Ankle Arthritis

Ankle arthritis is a clinical condition in which the joint that connects the foot to the leg, known as the tibiotalar or ankle joint, has damaged or worn out cartilage. There are three bones involved in this joint: the tibia, the fibula and the talus. The arthritis can involve any or all of these bones.

The major types of arthritis that affect the foot and ankle are osteoarthritis, rheumatoid arthritis, and posttraumatic arthritis.

Symptoms of Ankle Arthritis

  • Tenderness when you touch the joint
  • Pain when you move it
  • Trouble moving, walking, or putting weight on it
  • Joint stiffness, warmth, or swelling
  • More pain and swelling after you rest, such as sitting or sleeping

Causes & Effects

    Previous ankle injury is the most common cause of ankle arthritis. In people who have sustained an injury such as an ankle fracture, the cartilage may be damaged and this could lead to accelerated arthritis. When the ankle is injured, it is also susceptible to an injury called osteonecrosis. When osteonecrosis occurs as the result of an ankle injury, there is damage to the blood flow to a portion of the bone. Osteonecrosis can also lead to ankle arthritis.

Ankle Arthritis Treatments of Dr. Raviprakash

ankle arthritis

Arthroscopy offers many benefits over a traditional open surgery because of its minimally invasive nature.

  • Less scarring.
  • Less pain and lower risk of post-surgical complications.
  • long-lasting pain relief.
  • better function and mobility.
  • Faster recovery time.


1.What is arthroscopy?

Arthroscopy is a minimally invasive procedure used to diagnose and treat injuries and abnormalities within the joints. The arthroscopy procedure is less invasive than traditional surgery and allows the doctor to view and repair joints without making a large incision. Only a small incision is need for an arthroscopy and small instruments are guided by a tiny camera that transmits images onto a computer screen. Accurate diagnosis and precise surgical treatment may be performed using the arthroscopy method.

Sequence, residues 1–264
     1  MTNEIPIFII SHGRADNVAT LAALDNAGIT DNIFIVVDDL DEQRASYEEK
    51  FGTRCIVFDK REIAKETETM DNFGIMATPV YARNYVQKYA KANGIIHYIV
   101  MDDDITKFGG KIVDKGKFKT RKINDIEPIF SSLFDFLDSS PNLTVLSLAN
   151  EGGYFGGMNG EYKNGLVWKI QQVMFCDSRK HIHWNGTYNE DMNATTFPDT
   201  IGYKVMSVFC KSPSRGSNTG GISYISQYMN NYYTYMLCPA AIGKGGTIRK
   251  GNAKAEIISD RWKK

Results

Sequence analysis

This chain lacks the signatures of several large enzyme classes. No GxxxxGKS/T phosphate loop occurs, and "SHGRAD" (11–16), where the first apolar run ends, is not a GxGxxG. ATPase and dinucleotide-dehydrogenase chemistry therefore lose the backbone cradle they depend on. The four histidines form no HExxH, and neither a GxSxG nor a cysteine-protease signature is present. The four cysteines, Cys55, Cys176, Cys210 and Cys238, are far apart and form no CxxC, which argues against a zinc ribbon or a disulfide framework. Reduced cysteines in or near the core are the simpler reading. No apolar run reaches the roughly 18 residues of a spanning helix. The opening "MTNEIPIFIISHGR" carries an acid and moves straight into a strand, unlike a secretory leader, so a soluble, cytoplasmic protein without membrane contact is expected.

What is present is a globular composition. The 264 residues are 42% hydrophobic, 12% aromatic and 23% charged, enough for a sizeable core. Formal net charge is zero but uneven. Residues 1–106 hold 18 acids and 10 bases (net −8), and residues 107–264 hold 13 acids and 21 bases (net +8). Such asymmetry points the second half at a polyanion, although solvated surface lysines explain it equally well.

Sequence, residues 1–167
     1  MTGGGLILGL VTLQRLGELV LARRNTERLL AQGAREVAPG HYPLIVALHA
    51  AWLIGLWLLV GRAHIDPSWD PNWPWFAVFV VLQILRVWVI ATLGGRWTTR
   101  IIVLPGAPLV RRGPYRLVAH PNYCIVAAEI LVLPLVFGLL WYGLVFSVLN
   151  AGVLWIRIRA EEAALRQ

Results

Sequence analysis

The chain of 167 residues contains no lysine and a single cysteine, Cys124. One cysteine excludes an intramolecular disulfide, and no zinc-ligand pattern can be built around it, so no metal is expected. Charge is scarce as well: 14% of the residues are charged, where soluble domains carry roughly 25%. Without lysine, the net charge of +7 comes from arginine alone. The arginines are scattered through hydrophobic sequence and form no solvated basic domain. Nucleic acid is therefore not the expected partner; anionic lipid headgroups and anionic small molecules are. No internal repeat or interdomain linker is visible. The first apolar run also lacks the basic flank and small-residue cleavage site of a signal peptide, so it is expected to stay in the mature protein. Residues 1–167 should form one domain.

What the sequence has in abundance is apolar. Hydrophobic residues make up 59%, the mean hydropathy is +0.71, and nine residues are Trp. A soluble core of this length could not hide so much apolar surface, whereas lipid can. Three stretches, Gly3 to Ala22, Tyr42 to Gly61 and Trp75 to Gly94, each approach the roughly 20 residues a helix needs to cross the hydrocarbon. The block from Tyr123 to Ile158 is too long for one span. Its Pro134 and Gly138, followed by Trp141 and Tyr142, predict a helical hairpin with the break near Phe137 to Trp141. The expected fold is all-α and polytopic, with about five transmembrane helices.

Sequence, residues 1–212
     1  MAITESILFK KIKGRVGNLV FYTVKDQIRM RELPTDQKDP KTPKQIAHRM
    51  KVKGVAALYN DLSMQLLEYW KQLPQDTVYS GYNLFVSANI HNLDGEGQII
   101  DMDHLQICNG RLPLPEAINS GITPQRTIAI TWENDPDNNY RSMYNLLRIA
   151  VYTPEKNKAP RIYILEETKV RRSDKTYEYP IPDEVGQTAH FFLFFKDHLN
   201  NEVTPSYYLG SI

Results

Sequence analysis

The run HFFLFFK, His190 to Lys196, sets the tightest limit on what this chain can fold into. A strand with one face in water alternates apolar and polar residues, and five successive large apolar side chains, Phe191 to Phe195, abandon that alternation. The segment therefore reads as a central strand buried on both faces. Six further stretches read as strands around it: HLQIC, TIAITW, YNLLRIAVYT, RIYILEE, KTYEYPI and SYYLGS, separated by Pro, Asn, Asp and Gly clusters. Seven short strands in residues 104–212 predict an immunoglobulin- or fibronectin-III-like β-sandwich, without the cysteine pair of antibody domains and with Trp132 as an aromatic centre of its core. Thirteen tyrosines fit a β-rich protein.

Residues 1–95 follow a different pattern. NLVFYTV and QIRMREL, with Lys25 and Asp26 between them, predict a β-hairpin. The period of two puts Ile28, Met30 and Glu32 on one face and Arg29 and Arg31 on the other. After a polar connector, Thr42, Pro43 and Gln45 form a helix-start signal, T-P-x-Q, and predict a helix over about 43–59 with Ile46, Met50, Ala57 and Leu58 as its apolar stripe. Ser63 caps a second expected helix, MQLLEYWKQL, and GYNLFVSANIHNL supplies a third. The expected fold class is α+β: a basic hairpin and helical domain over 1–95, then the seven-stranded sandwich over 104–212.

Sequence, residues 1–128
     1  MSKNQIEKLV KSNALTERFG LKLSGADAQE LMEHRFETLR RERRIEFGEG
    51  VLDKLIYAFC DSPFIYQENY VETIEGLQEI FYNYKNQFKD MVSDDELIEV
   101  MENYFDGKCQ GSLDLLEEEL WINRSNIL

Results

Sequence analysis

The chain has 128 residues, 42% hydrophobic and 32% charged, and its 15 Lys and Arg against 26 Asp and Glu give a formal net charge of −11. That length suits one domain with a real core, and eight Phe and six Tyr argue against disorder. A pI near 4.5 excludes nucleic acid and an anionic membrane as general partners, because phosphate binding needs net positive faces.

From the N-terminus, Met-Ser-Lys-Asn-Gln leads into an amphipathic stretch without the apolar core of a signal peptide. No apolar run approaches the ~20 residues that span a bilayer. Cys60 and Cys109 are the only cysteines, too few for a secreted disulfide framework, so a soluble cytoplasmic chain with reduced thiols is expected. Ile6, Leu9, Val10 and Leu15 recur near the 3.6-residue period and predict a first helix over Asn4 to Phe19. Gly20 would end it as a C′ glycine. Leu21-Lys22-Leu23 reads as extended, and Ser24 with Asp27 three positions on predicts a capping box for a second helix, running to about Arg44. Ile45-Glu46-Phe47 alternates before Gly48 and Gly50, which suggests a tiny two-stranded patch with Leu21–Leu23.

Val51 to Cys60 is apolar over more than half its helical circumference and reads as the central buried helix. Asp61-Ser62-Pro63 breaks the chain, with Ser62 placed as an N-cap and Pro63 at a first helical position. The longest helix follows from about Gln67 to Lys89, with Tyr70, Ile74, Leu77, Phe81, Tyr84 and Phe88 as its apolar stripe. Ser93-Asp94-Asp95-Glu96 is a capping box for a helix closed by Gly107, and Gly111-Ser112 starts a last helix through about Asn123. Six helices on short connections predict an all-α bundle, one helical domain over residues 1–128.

Ankle arthroscopy can be used to diagnose and treat a wide range of ankle conditions and relieve the chronic pain frequently associated with them. Ankle arthroscopy is often successful in treating:

  • Tissue bands
  • Ligament tears
  • Articular cartilage damage
  • Bone spurs
  • Tendonitis
  • Arthritis

Ankle arthroscopy is performed on an outpatient basis and uses tiny incisions to access the ankle joint. This procedure is performed under general anesthesia. During the arthroscopy, a camera tube called an arthroscope is inserted into one of the incisions and small surgical instruments into the others. The arthroscope allows the surgeon to visually examine the ankle joint and guide the instruments to the area for treatment. The arthroscopy procedure usually takes 30 to 45 minutes to perform. During the procedure, some patients may experience pressure on the joints. Exercise and other strenuous activities should be avoided for six weeks after this procedure.

Arthroscopy offers many benefits over a traditional open surgery because of its minimally invasive nature.

  • Shorter recovery times
  • Less scarring
  • Less bleeding
  • Smaller incisions

While ankle arthroscopy is considered a safe procedure, there are certain risks associated with any surgery. Risks may include infection, nerve or tissue damage, or blood clots. These risks are considered rare, as most patients undergo this procedure with little to no complications.

  • Shoes shaped like your foot.
  • Shoes with good support (for example, no slip-ons).
  • Rubber soles for more cushioning.
  • Flexibility.
  • Proper fit; ask a salesperson for help.
  • If a certain activity triggers a flare-up of symptoms, try to keep it to a minimum.
  • Instead of high-impact exercises like jogging, do low-impact ones like swimming or cycling.